The best books to understand Russia’s foreign policy after the Cold War

Andrei P. Tsygankov Author Of Russia's Foreign Policy: Change and Continuity in National Identity
By Andrei P. Tsygankov

Who am I?

I am a Russian academic living in the West and a contributor to both Western and Russian academia. I move between the two and try to build bridges by explaining the two sides’ differences and areas of potential cooperation. I do it in my teaching and research on international politics, which I understand through the lens of culture and politics. Most of my books analyze Russian and Western patterns of thinking formed through history and interaction with each other. I love reading good books about these topics and hope you enjoy my selected list!


I wrote...

Russia's Foreign Policy: Change and Continuity in National Identity

By Andrei P. Tsygankov,

Book cover of Russia's Foreign Policy: Change and Continuity in National Identity

What is my book about?

This clear and comprehensive text explores the past thirty years of Soviet/Russian international relations, comparing foreign policy formation under Gorbachev, Yeltsin, Medvedev, and Putin. Challenging conventional views of Moscow’s foreign policy, Andrei Tsygankov shows that definitions of national interest depend on visions of national identity and is rooted both in history and domestic politics. Yet the author also highlights the role of the external environment in affecting the balance of power among competing domestic groups. Drawing on both Russian and Western sources, Tsygankov shows how Moscow’s policies have shifted under different leaders’ visions of Russia’s national interests. He gives an overview of the ideas and pressures that motivated Russian foreign policy in different periods.

The books I picked & why

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Russian Foreign Policy in the Twenty-First Century and the Shadow of the Past

By Robert Legvold,

Book cover of Russian Foreign Policy in the Twenty-First Century and the Shadow of the Past

Why this book?

Russia’s foreign policy has followed different historical trajectories and relations with the outside world. This excellent collection of works by historians and social scientists focuses on the long “shadows of the past” as a lens through which to assess the country’s international behavior and moments of transformation. The explored themes include the impact of Russian foreign policy on domestic political structures, imperial identity, geographic settings, position within the global economy, and others.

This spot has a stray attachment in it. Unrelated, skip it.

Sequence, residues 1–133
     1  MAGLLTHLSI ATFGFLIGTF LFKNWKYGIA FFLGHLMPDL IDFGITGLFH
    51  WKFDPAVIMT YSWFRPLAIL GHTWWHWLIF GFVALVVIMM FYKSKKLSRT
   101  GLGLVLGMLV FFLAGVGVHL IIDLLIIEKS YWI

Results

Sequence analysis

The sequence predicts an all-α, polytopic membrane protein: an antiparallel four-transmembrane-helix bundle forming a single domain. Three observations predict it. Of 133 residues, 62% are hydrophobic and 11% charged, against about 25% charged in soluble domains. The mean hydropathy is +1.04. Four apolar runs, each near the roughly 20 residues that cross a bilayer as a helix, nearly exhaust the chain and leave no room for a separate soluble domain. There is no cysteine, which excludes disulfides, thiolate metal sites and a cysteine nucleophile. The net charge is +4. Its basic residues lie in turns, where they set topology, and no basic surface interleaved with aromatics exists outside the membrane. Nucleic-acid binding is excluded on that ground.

Russia and the Idea of Europe: A Study in Identity and International Relations

By Iver B. Neumann,

Book cover of Russia and the Idea of Europe: A Study in Identity and International Relations

Why this book?

Russia has historically connected to Europe as its significant other. This book describes the nature of the country’s identity development through the love-hate relations with European nations and search for recognition by Western other. Sometimes, Russia has sought to borrow Europe’s institutions and values. Other times, it has positioned itself as a great power and a superior system of internal values relative to “corrupt” Europe. 


Russia Resurrected: Its Power and Purpose in a New Global Order

By Kathryn E. Stoner,

Book cover of Russia Resurrected: Its Power and Purpose in a New Global Order

Why this book?

Russia remains a formidable power in international relations. While some in the West tend to dismiss Russia’s global capabilities, this book describes the country as a “good enough” power. It has a comprehensive review of Russia’s symmetrical and asymmetric capabilities including military, economic, geographic, and others. The author demonstrates that despite some shortcomings, Russia remains capable to challenge the West and its preferred international order and institutions. 


Not One Inch: America, Russia, and the Making of Post-Cold War Stalemate

By M. E. Sarotte,

Book cover of Not One Inch: America, Russia, and the Making of Post-Cold War Stalemate

Why this book?

The book is a great guide to understand Russia’s perspective on post-Cold War developments and the contemporary crisis of relations with the West. Written by a historian, the book reconstructs the role of NATO expansion in shaping Russia’s security interests since the 1990s. The author documents opportunities, errors, and (mis)perceptions by both sides in setting their relations in the course of growing geopolitical tensions.


Near Abroad: Putin, the West, and the Contest Over Ukraine and the Caucasus

By Gerard Toal,

Book cover of Near Abroad: Putin, the West, and the Contest Over Ukraine and the Caucasus

Why this book?

Russia remains intensely focused on the post-Soviet Eurasia as essential to the country’s security and relations with the outside world. The conflict in Ukraine is the culmination of Russia’s perception of geopolitical significance of the “near abroad.” The book by a political geographer analyzes Ukraine and the Caucasus as two principally important subjects of Moscow’s attention. In the author's view, Russian foreign relations reflect competing geopolitical visions, weak state institutions, and perceptions of unresolved legacies of the Soviet dissolution. 


5 book lists we think you will like!

Interested in Russia, the Soviet Union, and international relations?

5,887 authors have recommended their favorite books and what they love about them. Browse their picks for the best books about Russia, the Soviet Union, and international relations.

Russia Explore 236 books about Russia
The Soviet Union Explore 226 books about the Soviet Union
International Relations Explore 140 books about international relations

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